The San Diego Association of Governments (SANDAG) and a delegation of regional leaders signed a new toll revenue-sharing agreement on 24th October 2022 with Mexico in Mexico City to promote the development of the Otay Mesa East Port of Entry at the San Diego-Tijuana border,
“Mexico is one of California’s most important international partners, and we share a deep bond that stretches back generations,” said Governor Newsom. “Our state is a national leader when it comes to international cooperation and smart, clean infrastructure investments that are critical to the U.S. supply chain. At a time when states are using the border as a wedge issue to divide people, California and Mexico are showing how cross-border agreements can strengthen our communities while growing our economy and bringing a host of shared benefits.”
- Governor Gavin Newsom unveiled a historic deal that advances significant border projects and initiatives while solidifying California’s alliance with Mexico.
- The most congested border region in the Western Hemisphere will benefit from the new cutting-edge border crossing facility. It will shorten lines, reduce greenhouse gas emissions, drive economic growth, and promote binational trade.
U.S. Department of Transportation Awarded $150 Million Grant
The Otay Mesa East Port of Entry Project recently received a $150 million INFRA grant from the U.S. Department of Transportation. The funds will be used to build the new border crossing facility and transportation infrastructure.
Congress member Scott Peters, California Lieutenant Governor Eleni Kounalakis, and Assembly members David Alvarez and Chris Ward were present to sign the Toll Revenue Sharing Agreement.
By the end of 2024, the new port of entry should be finished.
“This new agreement, which I signed as a witness today, will bring economic prosperity to our cross-border region,” said Lt. Governor Kounalakis. “The Otay Mesa East Port of Entry is a vital link in our nation’s supply chain and in creating thousands of jobs. This historic revenue sharing agreement solidifies the joint commitment of California and the Government of Mexico to boosting trade and creating jobs.”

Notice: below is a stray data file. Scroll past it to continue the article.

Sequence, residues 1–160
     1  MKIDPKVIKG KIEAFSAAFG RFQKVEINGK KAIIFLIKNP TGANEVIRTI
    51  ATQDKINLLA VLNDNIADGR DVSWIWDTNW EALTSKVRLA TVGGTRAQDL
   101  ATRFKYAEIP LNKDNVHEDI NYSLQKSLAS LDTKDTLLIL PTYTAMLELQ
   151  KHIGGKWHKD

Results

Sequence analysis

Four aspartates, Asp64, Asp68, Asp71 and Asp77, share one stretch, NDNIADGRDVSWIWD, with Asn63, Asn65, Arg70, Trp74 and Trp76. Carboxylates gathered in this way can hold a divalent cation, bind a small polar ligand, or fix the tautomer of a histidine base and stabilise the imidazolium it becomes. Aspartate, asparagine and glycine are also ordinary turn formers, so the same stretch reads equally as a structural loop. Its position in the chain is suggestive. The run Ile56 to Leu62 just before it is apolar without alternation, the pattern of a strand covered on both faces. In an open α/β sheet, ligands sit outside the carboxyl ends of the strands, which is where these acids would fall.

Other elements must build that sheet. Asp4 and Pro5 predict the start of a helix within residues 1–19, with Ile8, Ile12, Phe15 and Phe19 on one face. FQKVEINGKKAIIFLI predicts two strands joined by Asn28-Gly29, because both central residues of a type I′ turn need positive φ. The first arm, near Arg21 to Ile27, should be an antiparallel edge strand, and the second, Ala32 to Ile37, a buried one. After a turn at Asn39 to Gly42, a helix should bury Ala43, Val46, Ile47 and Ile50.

Significance of Otay Mesa East Port of Entry project
To honor Caltrans, SANDAG, and local partners who have built the necessary supporting transportation infrastructure, as well as those who have planned and developed the Otay Mesa East priority project over several decades, U.S. Ambassador Ken Salazar noted the significance of the signing on “California Day” with a local reception.
“California and Mexico share just 140 of the 2,000 miles of our border, but Cali-Baja punches far above its weight in terms of its contributions to our binational economy and family,” said Ambassador Salazar. “The Otay Mesa East Port of Entry is proof of the dynamism and creativity of our relationship and a symbol of the 21st-century border we want to create.”
The SANDAG and Caltrans-led State Route 11 Otay Mesa East Port of Entry project aims to build a modern border crossing for the San Diego-Baja California megaregion. The project’s goal is to improve regional mobility, spur economic growth, and facilitate binational trade. It is a joint effort with state and federal partners in the U.S. and Mexico.
The planned border upgrades will offer quick, dependable, and secure border crossings by building a four-lane.
Governor Newsom’s approach to border policy considers the vitality of the border region and that safe cross-border movement of people and goods is crucial for California, regional economies, and the numerous residents. They cross the border every day for work, family, and school.
The government prioritizes safety while supporting humanitarian initiatives that safeguard the health and well-being of immigrant arrivals and border communities. To support its model COVID-19 response and humanitarian operations at the southern border, California has invested $477 million.